Sabin vaccine See polio vaccine.

salicylic acid A drug used to treat a variety of skin disorders, including dermatitis, eczema, psoriasis, ichthyosis, acne, and warts. The drug is also sometimes used for fungal infections. For the treatment of warts, salicylic acid pads can be very effective; it is important not to cut too large a square to place over the wart at the risk of irritating the surrounding skin. The perimeter of the wart should be lightly coated with petroleum jelly to protect the adjacent skin.

Side Effects

This drug may cause inflammation and skin ulcers if used for a long period of time or if applied to a large area of skin.

Salk vaccine See polio vaccine.

salmonella poisoning Known medically as sal-monellosis, this major type of food poisoning is caused by bacteria that multiply rapidly at room temperatures. Every year about four million cases of salmonellosis are reported in the United States. Children are the most likely to get salmonellosis, and young children are among those most likely to have severe infections. Experts estimate that about 600 people die each year with acute salmonellosis.

Salmonellosis is very common in this country; bonemeal, fertilizer, and pet foods all may be implicated in the spread of the disease. In particular, recent outbreaks have been linked to chickens and eggs; it is estimated that 35 percent of all chickens in processing plants harbor the bacteria.

The largest outbreak ever recorded occurred in 1994 and involved more than 200,000 Americans.

In this case, commercially pasteurized ice cream premix was contaminated by bacteria during transport to a Minnesota ice cream plant in tanker trailers that had previously carried nonpasteurized liquid eggs. The outbreak ended only after sales of the ice cream were stopped.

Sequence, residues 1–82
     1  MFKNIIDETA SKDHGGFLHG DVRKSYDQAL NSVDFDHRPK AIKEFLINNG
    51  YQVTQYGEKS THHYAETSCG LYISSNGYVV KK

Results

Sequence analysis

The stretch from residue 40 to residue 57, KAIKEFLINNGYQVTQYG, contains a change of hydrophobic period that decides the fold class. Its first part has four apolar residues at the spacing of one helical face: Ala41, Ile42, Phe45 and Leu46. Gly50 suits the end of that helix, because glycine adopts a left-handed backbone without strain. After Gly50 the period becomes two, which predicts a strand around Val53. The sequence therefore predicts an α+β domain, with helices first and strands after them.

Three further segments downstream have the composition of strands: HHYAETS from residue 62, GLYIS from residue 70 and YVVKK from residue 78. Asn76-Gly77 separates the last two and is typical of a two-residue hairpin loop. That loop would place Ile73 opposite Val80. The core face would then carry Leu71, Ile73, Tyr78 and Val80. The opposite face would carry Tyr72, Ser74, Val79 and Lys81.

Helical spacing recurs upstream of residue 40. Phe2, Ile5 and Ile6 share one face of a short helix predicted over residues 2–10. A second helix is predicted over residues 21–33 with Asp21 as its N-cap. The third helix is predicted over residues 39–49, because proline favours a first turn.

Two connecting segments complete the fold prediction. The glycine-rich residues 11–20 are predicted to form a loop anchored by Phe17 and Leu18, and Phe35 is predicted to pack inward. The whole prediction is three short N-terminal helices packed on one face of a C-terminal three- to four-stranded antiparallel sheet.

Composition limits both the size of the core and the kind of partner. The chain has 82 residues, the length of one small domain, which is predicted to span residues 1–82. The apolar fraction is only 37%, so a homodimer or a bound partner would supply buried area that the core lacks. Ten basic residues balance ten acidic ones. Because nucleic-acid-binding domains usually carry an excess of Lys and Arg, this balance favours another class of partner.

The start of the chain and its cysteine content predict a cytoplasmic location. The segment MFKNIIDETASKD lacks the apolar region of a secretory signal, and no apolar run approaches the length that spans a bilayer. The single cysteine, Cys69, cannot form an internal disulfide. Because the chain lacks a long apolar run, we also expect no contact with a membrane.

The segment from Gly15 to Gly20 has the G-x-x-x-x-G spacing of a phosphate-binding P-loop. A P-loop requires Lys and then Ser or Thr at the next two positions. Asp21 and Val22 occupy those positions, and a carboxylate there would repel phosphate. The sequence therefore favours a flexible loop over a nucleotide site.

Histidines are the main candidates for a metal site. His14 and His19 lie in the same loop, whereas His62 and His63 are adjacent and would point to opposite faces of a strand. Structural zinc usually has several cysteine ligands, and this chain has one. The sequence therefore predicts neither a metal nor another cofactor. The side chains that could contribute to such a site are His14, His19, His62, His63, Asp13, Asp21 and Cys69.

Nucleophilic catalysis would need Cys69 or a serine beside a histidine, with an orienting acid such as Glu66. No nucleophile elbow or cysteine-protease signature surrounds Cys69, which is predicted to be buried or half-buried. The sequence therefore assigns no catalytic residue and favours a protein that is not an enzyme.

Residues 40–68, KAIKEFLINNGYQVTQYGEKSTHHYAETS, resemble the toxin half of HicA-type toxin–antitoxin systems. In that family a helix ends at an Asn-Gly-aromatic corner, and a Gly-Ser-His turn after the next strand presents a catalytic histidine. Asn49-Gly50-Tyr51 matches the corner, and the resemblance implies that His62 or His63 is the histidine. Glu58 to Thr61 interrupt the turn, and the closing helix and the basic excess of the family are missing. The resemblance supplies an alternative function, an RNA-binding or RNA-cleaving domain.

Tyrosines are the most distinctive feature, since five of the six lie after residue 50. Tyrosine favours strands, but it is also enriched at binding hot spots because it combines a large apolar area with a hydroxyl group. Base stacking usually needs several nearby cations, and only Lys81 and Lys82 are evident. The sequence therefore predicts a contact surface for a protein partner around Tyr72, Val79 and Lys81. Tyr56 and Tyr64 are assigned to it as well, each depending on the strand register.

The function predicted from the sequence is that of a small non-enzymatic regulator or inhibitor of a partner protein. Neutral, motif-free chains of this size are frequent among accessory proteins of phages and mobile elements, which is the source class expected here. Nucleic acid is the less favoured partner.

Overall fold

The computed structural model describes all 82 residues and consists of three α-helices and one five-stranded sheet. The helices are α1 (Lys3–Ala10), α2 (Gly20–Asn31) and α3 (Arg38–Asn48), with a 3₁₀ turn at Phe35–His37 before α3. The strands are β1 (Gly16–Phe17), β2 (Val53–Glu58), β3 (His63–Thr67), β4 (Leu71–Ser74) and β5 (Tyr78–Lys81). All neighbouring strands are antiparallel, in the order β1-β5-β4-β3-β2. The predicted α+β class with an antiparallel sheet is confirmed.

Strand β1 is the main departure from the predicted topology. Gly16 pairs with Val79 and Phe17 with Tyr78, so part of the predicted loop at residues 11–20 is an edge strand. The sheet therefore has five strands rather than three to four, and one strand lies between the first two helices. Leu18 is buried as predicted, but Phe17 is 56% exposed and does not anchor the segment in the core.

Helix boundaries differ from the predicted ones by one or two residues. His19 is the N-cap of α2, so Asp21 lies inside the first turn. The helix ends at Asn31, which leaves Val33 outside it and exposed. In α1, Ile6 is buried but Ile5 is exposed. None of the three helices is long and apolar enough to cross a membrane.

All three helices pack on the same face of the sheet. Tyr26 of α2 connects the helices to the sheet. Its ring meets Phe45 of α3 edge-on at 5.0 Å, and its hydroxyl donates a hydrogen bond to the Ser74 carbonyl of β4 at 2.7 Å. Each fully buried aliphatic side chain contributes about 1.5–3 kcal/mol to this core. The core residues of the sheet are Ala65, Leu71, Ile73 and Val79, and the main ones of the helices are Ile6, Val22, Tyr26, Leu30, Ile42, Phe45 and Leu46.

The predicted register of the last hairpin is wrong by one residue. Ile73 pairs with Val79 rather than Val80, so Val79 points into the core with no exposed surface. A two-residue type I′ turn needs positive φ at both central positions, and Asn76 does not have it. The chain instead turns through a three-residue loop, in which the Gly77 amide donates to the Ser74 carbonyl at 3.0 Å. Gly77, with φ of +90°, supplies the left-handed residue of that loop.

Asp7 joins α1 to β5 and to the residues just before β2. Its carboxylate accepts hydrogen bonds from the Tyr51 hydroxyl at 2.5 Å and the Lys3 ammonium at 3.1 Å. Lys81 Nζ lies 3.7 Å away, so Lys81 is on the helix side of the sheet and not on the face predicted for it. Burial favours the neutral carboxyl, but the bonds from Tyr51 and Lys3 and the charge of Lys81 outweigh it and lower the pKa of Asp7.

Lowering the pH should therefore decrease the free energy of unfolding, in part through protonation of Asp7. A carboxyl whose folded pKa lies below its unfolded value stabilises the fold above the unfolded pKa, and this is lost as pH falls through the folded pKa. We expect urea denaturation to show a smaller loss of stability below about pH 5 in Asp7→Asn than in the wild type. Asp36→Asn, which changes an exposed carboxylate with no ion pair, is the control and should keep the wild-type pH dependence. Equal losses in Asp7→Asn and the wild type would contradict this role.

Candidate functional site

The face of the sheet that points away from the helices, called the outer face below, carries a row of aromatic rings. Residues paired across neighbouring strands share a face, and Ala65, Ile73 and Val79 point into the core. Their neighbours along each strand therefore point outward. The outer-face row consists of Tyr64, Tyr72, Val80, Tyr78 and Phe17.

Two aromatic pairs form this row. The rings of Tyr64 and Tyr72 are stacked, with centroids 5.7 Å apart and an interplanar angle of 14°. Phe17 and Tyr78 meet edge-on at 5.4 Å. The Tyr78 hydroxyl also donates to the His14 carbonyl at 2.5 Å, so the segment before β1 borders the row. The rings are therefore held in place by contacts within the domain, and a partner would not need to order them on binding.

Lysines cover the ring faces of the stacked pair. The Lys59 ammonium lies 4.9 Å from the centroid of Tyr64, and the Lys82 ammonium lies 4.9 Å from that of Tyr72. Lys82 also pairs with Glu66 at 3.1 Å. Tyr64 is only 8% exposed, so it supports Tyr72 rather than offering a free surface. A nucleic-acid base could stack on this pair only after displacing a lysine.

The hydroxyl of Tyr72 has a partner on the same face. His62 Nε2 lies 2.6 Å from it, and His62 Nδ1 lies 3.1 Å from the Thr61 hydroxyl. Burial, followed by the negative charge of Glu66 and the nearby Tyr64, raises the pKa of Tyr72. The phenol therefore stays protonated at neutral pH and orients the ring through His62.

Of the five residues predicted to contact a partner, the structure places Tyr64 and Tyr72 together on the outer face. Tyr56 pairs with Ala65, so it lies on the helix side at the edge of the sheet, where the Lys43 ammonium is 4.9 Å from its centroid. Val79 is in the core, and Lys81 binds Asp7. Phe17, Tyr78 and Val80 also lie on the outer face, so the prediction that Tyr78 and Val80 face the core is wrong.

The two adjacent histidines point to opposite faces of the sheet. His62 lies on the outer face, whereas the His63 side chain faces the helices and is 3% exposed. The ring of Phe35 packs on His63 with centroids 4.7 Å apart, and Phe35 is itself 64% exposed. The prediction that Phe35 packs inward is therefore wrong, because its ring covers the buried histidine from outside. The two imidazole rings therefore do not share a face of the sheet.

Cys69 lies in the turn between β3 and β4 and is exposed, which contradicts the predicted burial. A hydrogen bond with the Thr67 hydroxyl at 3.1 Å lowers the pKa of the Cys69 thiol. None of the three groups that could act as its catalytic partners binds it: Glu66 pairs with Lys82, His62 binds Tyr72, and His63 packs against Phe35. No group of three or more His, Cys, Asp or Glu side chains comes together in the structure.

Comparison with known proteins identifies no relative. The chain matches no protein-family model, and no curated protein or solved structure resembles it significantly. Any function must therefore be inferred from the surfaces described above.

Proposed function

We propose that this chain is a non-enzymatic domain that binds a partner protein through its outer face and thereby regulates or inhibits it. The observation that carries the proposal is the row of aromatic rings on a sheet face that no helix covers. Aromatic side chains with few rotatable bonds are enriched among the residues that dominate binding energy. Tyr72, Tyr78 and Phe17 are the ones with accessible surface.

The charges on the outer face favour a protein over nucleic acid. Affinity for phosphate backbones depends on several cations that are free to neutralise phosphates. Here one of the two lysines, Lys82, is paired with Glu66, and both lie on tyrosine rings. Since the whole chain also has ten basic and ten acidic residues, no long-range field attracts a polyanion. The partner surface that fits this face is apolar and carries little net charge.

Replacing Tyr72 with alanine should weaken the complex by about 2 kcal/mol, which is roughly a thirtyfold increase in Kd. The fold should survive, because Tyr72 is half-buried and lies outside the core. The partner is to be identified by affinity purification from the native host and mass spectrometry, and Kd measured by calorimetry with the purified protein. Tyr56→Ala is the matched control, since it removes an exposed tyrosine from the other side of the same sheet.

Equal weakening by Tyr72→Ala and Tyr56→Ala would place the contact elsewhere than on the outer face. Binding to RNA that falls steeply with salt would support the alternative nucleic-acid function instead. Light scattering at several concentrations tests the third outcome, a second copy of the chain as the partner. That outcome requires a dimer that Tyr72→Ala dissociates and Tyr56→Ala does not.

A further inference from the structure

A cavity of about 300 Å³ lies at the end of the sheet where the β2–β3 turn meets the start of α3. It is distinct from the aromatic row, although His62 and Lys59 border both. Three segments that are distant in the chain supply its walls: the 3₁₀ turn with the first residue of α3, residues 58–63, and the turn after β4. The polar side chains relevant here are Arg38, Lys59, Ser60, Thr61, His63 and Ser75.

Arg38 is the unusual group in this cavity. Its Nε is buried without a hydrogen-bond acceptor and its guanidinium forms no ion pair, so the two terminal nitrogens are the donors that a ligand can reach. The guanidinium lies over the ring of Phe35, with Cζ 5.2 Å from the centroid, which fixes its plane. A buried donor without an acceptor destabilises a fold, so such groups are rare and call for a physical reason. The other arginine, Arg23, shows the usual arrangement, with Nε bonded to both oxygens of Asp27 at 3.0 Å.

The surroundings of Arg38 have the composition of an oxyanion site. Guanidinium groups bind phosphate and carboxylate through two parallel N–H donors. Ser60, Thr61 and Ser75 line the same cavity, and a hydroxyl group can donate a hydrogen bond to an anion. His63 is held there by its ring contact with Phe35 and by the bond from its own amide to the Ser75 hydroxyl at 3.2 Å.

Unfortunately, salmonella resistant to standard antibiotics used to treat infection in children are emerging across the country. Between 1996 and 1998 doctors recorded 13 cases of salmonella infection resistant to the antibiotic ceftriaxone. Another possible 28 cases occurred in 1999. Because there are several million salmonella infections each year, researchers believe this means that several thousand are probably caused by the ceftriaxone-resistant strain.


Salmonellosis is caused by infection with the Salmonella bacteria; even extremely small amounts can cause food poisoning. The incidence of salmo-nellosis appears to be spreading in epidemic proportions. Bacteria are now commonly found in eggs and poultry. It is also found in raw meat, fish, raw milk, bonemeal, fertilizer, and pet foods as well as carried by small pet turtles and in marijuana. It also can be transferred to food from the excrement of infected animals or people. one type of the bacterium (S. enteritidis) has been found in the eggs of chickens with the disease.

Symptoms while tiny amounts of the bacteria can be ingested without harm in otherwise healthy children, a minimal amount can cause symptoms within 12 to 72 hours. Symptoms vary, depending on the amount of bacteria ingested, but include headache, nausea and vomiting, fever, stomach cramps, and

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